Faculty on Summer Conference Circuit

Whilst many people take time out over August to recharge, Henley Business School’s Faculty members have been flying to conferences around the world to share their latest research with their peers.

Here is a selection of papers presented by faculty from the School of Business Informatics, Systems and Accounting, the School of Marketing and Reputation, the ICMA Centre and the School of Real Estate and Planning.

Protecting Children through Dynamics-based Systems Mapping

Professor David Lane describes the use of system dynamics-based systems mapping in the Munro Review of Child Protection. Mapping was used to understand and communicate the problems experienced by the child protection sector in England, including the unintended consequences of previous policies. Mapping also created a holistic understanding of the wide range of issues that the sector confronted and provided a rigorous platform for the Review’s policy proposals.

You can read the original Munro Report on Child Protection and the final report by clicking 'Tell me more'

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Rhetoric International Standard Setting Process: Constructing Accounting Reality

Dr Renata Stenka presented a paper which aims to deepen our understanding of accounting as both a social and organisational phenomenon and to expose taken-for-granted assumptions and values of neo-classical economics perspectives regarding accounting regulation and change. It demonstrates how rhetoric, used as a tool to establish legitimacy, contributes to and facilitates the production and changes of accounting practices.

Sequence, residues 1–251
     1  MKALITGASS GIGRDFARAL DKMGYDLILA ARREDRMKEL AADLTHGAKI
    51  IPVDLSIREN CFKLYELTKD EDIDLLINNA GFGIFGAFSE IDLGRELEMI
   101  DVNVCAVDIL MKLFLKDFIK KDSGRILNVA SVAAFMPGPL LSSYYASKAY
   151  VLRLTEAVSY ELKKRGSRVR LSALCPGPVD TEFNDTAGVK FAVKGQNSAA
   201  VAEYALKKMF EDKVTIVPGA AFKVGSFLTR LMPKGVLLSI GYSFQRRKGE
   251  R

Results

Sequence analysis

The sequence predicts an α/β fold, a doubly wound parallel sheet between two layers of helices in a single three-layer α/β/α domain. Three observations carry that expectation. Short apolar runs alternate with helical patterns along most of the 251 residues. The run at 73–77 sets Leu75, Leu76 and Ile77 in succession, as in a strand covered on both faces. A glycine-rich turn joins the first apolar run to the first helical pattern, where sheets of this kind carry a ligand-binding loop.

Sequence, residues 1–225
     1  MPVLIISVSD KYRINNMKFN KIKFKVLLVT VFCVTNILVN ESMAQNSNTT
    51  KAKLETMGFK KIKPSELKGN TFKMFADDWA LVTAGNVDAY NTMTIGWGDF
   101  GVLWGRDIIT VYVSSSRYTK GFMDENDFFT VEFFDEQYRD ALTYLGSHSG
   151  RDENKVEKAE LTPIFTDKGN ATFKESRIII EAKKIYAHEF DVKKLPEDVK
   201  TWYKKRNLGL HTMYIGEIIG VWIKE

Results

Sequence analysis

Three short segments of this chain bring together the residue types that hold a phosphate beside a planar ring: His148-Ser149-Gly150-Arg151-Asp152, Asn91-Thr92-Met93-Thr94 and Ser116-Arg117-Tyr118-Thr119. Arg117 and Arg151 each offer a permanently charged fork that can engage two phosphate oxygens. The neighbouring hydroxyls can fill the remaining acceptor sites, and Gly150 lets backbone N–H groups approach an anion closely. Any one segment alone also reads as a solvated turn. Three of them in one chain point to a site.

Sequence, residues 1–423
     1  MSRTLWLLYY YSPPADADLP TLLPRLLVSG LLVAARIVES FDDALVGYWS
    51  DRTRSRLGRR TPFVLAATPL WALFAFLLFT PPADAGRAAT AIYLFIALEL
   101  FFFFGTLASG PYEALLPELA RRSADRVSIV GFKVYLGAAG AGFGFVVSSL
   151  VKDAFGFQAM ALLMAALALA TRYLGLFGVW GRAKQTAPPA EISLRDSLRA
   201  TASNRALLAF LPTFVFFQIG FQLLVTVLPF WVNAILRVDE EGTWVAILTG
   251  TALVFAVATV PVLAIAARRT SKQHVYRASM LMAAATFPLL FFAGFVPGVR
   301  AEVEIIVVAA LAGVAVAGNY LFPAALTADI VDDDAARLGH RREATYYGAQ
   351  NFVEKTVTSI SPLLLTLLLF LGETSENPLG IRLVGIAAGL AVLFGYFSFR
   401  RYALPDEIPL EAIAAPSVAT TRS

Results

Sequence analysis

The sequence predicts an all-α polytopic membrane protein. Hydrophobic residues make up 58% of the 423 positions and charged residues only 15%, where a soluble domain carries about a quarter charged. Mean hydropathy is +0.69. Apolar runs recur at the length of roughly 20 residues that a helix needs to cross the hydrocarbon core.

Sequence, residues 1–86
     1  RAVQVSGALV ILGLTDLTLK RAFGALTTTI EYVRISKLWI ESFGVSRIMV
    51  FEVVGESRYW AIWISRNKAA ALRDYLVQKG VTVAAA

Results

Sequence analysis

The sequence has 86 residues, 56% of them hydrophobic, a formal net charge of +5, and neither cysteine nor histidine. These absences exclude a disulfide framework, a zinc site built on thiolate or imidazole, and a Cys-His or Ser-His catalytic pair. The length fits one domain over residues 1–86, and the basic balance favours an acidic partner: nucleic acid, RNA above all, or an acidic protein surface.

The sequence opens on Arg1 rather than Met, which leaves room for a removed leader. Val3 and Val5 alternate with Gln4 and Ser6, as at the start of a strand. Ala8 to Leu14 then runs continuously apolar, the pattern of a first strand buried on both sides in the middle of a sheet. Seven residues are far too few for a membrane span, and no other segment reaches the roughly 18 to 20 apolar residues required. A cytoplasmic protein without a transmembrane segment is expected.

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Ontology modeling for generation of clinical pathways

Increasing costs of health care, fuelled by demand for high quality, cost-effective healthcare has drove hospitals to streamline their patient care delivery systems. One such systematic approach is the adaptation of Clinical Pathways (CP) as a tool to increase the quality of healthcare delivery. In this paper, Jasmine Tehrani, Professor Kecheng Liu, and Dr Vaughan Michell present a method for generating clinical pathways based on organizational semiotics by capturing knowledge from syntactic, semantic and pragmatic to social level.

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The Dangers of Online Shopping Addiction Revealed

The effects of excessive shopping has been previously found to lead to compulsive or addictive behaviour prior to the arrival of the Internet. Research conducted at Henley by Dr Susan Rose, in conjunction with Dr Arun Dhandayudham, a clinical psychiatrist, now suggests that online retail websites may cause problem behaviour in some shoppers, which may range from mild impulsive buying through to compulsive or ultimately addictive buying behaviour. 

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Developing our Understanding of Values Based Brands within the Not-For-Profit Sector

Values in not-for-profit (NFP) organisations are said to be their raison d’etre – the reason why the organisation exists in the first place. It is suggested, therefore, that the types of values that drive behaviour in these organisations are different to those found in the for-profit context. But what is the relationship between values based behaviour of staff in these organisations and the values based behaviour of donors? Dr Helen Stride (Marketing and Reputation, Henley Business School) and Malcolm Higgs (University of Southampton) seek to find out.

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Is There a Gold Social Seal? The Financial Effects of Additions to and Deletions from Social Stock Indices